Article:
Ellen Pao Is Not Impressed with the Media’s Sudden Backbone

Re-alignment seems to be too strong a word for this —

Right, because that implies a deeper, core value shift.

Do you think that the incentives then, for more moderation and less euphemism, have started to shift already?

I’m curious to see how long this lasts. Are they going to say, “Oh, this is an exception for one outlier that’s now been defeated, thanks to our efforts?” It’s amazing to see people take credit for some of this late-breaking behavior.

Or: if they say, you know, we need to change our values. We need to be more grounded in truth. We need to change our processes. We need to follow our rules. We can’t have these blanket exceptions. You know, to say like, “Hey, we cannot tolerate intolerance, we can’t both-sides hate and white supremacy.” Right? Like these are the things that require real change. And I don’t know if that’s going to happen.

How do you think the symbiosis between Trump and media platforms is going to pan out? I know Trump has been very good for TV news ratings, and it seems like he is for social media platforms too.

Kevin Roose for The New York Times has a Twitter account that just tweets like the 10 most popular or highest-engagement posts on Facebook, you’ve seen that, right?


It’s outrageous, the links that are most shared on Facebook! I mean, it’s embarrassing, I think, to Facebook management that this is the stuff that their platform is best at sharing and best at amplifying.

I think the same thing goes for Twitter. Trump has how many millions, tens of millions—I think it’s close to 100 million followers. And that’s what the most effective use of the Twitter platform has been for the past four years. And not just on Twitter, but it also gets pulled by the mainstream press and shared in articles and shared online. And it’s so toxic and it’s been so harmful.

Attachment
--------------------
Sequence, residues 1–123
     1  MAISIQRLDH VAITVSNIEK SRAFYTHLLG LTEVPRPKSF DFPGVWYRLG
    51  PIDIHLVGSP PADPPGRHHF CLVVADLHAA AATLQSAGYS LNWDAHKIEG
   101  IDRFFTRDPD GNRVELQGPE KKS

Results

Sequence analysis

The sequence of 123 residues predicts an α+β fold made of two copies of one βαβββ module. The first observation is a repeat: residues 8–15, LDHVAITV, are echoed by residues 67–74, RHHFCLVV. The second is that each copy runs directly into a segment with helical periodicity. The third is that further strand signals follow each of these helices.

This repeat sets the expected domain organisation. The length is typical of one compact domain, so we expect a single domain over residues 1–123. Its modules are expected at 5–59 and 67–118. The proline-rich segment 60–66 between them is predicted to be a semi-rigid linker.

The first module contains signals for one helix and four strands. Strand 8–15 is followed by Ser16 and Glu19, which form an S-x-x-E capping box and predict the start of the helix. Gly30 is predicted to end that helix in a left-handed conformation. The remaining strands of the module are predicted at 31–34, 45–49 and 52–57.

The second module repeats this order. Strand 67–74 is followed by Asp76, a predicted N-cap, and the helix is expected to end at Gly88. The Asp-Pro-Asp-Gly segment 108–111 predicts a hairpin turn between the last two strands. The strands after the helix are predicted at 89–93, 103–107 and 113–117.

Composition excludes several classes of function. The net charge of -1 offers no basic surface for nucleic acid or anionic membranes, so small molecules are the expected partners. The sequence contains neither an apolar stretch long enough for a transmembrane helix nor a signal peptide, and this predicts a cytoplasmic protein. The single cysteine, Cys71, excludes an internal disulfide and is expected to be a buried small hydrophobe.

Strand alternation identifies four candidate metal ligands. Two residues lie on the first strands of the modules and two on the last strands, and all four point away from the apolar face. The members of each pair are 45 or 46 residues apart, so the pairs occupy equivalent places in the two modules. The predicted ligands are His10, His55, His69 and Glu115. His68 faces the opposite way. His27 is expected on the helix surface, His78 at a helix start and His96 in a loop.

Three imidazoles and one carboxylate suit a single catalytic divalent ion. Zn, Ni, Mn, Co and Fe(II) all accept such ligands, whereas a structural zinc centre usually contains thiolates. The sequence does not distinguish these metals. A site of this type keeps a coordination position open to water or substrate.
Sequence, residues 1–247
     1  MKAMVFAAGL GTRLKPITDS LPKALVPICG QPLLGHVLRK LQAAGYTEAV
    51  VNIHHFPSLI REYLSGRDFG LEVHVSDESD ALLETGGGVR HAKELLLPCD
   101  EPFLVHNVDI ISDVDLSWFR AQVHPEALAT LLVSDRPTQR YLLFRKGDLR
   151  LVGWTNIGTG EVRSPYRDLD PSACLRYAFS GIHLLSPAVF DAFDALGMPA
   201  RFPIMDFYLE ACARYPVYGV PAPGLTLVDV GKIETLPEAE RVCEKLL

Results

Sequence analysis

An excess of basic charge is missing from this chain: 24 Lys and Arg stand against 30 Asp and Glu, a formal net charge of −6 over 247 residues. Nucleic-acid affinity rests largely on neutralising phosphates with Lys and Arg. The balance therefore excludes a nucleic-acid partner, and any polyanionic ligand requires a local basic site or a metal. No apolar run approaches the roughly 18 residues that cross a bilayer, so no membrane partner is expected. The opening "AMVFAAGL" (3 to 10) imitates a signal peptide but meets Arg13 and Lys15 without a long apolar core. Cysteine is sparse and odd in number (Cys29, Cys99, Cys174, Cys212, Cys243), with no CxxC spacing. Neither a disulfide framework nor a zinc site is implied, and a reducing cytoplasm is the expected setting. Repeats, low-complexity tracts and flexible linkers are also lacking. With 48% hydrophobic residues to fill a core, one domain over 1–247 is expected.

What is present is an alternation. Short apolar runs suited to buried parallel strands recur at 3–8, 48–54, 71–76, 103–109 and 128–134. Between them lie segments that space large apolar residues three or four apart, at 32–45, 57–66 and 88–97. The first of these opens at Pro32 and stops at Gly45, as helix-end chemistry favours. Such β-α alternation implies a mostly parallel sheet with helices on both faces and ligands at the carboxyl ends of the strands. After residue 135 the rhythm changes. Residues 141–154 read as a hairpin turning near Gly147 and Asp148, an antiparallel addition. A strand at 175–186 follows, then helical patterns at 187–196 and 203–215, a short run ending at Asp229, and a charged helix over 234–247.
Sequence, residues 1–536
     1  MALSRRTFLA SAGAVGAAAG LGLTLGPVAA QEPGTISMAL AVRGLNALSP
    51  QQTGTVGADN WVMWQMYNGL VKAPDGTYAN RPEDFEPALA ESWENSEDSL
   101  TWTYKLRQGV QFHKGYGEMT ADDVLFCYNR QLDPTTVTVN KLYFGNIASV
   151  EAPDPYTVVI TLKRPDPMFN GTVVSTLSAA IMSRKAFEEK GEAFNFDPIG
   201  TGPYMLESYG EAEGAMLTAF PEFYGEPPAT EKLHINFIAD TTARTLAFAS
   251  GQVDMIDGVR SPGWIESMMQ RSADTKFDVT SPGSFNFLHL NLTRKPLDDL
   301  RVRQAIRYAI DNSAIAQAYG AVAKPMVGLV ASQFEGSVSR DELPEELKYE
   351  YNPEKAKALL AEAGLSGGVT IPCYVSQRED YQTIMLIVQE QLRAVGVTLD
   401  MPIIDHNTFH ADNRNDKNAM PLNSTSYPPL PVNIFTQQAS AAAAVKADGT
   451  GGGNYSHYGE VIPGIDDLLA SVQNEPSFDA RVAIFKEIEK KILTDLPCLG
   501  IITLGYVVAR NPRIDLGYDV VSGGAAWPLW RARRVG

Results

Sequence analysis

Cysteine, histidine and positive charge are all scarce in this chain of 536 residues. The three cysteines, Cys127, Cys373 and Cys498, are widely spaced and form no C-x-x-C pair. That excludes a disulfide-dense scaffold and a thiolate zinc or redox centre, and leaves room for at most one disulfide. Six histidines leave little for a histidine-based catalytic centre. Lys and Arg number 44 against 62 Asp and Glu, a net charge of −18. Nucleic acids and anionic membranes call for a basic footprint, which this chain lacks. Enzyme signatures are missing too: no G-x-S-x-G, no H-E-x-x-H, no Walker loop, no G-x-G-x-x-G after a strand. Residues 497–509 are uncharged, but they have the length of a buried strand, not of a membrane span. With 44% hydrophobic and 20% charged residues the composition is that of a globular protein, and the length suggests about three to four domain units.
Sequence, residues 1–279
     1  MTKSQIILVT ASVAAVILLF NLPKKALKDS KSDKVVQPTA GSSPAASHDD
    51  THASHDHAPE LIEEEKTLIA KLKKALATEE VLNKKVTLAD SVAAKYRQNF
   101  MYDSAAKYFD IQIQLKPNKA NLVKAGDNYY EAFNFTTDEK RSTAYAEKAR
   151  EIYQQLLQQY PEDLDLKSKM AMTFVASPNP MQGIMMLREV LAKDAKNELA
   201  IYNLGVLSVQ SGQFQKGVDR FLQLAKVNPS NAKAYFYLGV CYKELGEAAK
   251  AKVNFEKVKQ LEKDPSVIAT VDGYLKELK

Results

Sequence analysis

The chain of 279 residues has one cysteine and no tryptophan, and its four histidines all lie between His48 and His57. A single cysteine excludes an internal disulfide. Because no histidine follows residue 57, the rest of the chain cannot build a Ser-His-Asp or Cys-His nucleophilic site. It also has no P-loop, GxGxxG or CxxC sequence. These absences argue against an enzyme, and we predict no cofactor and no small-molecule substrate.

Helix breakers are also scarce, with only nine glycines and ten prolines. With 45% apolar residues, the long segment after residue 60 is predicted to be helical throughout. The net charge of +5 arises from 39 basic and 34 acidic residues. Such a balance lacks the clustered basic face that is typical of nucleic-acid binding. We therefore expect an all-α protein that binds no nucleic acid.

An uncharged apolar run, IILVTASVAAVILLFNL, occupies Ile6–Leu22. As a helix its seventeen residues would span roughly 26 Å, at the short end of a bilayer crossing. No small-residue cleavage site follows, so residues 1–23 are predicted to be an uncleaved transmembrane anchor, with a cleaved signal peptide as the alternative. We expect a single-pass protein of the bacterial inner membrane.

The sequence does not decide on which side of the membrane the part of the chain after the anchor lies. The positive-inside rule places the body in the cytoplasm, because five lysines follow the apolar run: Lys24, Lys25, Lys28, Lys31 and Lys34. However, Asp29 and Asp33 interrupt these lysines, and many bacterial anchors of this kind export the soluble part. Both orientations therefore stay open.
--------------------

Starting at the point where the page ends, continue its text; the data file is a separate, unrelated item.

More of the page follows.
The argument for letting Trump and his surrogates spew misinformation on Facebook and Twitter has usually been “he’s the president, so it’s newsworthy,” and that won’t be the case anymore under a Biden Presidency—do you think there’s a sense that won’t matter?

I think it’ll be interesting to see how they treat people and rule-breaking going forward when it’s not the leader of the country, and whether they take deep look at what happened, what their role was in it, and what they want to see happen going forward and change their rules, change their approach, and really think about what they want their company to stand for.

One of the things you’ve been trying to make clear for the past few years is how media platforms are wholly focused on engagement, and it doesn’t matter what kind of engagement it is—unless regulation is imminent. Do you think this election is changing the temperature at all? Or is moderation just happening because lawmakers are looking at tech platforms?

It feels like they’re thinking, “All right, let’s do the minimum to get through these PR crises.” And then, you know, [they] just go back to normal because it’s not just that they only care about engagement. They want engagement that has conflict. That is the kind of engagement that drives a ton of traffic. Like at Reddit, when there was something controversial, our numbers spiked, huge amounts. That’s where we had our growth, when there was something controversial.

When we had those unauthorized nude photos, our growth spiked so much we almost couldn’t run the platform anymore. We couldn’t run the site and we had to take down huge sections of the site. To our credit, we got rid of that, but it was a hard decision. We banned revenge porn and nude photos. And it was like, we were the first platform to do it. It was super controversial at the time. Like you look back and it’s like, “Oh, it’s really dumb that we allowed somebody to post stolen nude photos or to have revenge porn.” But six years ago, that’s what everybody was doing.